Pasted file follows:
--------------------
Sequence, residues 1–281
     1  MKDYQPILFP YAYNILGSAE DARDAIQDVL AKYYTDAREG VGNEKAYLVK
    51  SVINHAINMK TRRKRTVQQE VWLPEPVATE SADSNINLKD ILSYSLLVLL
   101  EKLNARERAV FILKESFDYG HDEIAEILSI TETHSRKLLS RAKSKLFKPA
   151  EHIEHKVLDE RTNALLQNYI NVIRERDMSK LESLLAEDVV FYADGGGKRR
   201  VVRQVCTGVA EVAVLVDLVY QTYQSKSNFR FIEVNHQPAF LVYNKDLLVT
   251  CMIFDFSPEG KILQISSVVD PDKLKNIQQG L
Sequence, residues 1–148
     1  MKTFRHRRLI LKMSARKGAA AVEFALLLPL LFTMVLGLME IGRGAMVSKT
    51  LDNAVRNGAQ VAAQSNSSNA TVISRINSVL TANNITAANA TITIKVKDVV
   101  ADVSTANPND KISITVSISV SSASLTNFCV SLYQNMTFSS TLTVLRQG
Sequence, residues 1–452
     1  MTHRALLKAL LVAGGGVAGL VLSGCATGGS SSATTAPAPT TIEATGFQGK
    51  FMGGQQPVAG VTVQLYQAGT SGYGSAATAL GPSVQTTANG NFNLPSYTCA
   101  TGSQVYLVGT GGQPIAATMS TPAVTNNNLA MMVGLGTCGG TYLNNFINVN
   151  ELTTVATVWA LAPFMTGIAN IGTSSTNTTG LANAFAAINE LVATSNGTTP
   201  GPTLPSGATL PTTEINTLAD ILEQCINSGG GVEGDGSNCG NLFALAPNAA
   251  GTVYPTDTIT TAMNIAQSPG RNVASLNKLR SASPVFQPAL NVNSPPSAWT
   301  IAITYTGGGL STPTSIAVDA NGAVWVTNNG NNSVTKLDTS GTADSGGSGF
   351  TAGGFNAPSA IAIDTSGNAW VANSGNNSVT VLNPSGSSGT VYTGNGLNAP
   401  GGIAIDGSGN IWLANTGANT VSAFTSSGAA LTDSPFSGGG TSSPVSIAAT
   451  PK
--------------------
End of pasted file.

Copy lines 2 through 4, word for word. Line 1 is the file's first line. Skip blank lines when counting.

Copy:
     1  MKDYQPILFP YAYNILGSAE DARDAIQDVL AKYYTDAREG VGNEKAYLVK
    51  SVINHAINMK TRRKRTVQQE VWLPEPVATE SADSNINLKD ILSYSLLVLL
   101  EKLNARERAV FILKESFDYG HDEIAEILSI TETHSRKLLS RAKSKLFKPA